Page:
I am hoping you guys can provide me with some guidance and resources. My spouse and I are looking into buying a small plot of land to retire on. Retirement for us is probably in 33-38 years. I'm not sure where to begin on figuring out how to do this process from a boglehead's perspective. Any suggestions on what to know when buying land will be helpful.

Thank you!
Wow. That's a seriously long time horizon. So much will change in your lives over those years. I bought land in the country about 10 years ago. In that time I ended up getting married and now have two kids. All of sudden, camping in the country isn't very practical. The property has annual maintenance costs (taxes, mowing, forestry management) and I occasionally have to deal with land abuse (ATVs, dirtbikes, dumping). Please don't remind me of the opportunity cost. At least I paid cash so I'm not paying interest on top of it all. Take my advice - don't do it!

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Toons
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Re: Buying a plot of land for retirement

Post by Toons » Sun Mar 11, 2018 8:18 pm

Retirement for us is probably in 33-38 years.

How to do it?
Save enough to pay cash.
:happy
"One does not accumulate but eliminate. It is not daily increase but daily decrease. The height of cultivation always runs to simplicity" –Bruce Lee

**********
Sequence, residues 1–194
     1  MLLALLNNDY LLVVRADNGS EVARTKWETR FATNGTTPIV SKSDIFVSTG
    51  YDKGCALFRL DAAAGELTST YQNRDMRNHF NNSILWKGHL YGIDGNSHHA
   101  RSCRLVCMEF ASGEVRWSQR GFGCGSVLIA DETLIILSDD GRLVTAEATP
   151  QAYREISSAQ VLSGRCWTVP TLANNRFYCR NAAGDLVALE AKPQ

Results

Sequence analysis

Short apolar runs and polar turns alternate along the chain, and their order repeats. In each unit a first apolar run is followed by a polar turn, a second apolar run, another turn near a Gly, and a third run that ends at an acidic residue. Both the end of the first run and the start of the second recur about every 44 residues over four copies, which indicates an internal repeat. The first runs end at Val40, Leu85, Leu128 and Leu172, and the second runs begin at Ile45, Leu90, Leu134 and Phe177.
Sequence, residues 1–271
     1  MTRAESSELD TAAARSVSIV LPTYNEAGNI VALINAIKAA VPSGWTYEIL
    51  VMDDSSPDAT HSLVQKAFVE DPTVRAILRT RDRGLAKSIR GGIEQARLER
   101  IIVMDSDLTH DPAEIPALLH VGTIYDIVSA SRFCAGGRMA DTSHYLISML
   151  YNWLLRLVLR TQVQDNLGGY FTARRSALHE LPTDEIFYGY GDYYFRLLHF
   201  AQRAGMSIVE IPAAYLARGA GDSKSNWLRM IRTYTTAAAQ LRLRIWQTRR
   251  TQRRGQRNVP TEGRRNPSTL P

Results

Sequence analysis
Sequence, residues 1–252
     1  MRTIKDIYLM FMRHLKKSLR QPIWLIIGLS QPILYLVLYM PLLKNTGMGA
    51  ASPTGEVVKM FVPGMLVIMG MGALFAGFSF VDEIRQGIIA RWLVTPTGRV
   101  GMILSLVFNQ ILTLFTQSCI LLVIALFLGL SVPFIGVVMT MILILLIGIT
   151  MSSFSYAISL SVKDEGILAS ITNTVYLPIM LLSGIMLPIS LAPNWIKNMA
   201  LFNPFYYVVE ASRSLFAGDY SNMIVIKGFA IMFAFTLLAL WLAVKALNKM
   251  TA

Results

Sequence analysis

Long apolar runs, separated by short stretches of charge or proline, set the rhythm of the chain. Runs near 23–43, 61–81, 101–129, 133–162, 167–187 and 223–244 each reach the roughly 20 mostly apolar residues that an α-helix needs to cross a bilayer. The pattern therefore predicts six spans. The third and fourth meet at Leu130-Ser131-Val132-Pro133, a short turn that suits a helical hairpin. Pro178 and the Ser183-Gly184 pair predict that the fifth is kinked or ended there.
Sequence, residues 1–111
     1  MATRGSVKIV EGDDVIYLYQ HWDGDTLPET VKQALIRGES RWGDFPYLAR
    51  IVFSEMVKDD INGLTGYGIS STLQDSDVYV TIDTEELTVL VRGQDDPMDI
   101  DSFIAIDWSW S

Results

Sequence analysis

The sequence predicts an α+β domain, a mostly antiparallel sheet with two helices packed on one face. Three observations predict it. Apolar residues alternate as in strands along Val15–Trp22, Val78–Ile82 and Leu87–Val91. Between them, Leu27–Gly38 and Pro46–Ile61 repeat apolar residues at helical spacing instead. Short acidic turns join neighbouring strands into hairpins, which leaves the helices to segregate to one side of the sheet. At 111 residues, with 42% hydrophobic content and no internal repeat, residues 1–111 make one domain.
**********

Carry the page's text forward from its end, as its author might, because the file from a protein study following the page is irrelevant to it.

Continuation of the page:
Bacchus01
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Re: Buying a plot of land for retirement

Post by Bacchus01 » Sun Mar 11, 2018 9:09 pm

Point wrote:
Sun Mar 11, 2018 6:16 pm
Agricultural uses are a big red flag. Check zoning so you understand what's allowed and what's limited. The elephant in the room moving forward for many jurisdictions will be marijuana cultivation. This brings with it pollen, smell, water usage, drainage/runoff, and herbicides. The smell of pot cultivation is really turning off some neighbors in Carpinteria where existing greenhouses are being converted from flower to pot cultivation due to market changes. Also think about traffic patterns with this type of ag usage. This is an evolving thing, but it could hit you and your investment if you choose poorly.

Funny that you mention this. We have some land that includes 5 acres that I’ve considered turning into pot cultivation when/if it becomes legal in Wisconsin.

Nate79
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Re: Buying a plot of land for retirement

Post by Nate79 » Sun Mar 11, 2018 9:11 pm

Throw the money in S&P500 and bump this thread in 25 years....

dazed04106
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Re: Buying a plot of land for retirement

Post by dazed04106 » Tue Mar 13, 2018 8:04 am

Thank you everyone for your responses! I think you all are right - we'd be better off properly investing the money we'd use on the property in something like the three-fund portfolio.

CurlyDave
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Re: Buying a plot of land for retirement

Post by CurlyDave » Tue Mar 13, 2018 5:41 pm

dazed04106 wrote:
Tue Mar 13, 2018 8:04 am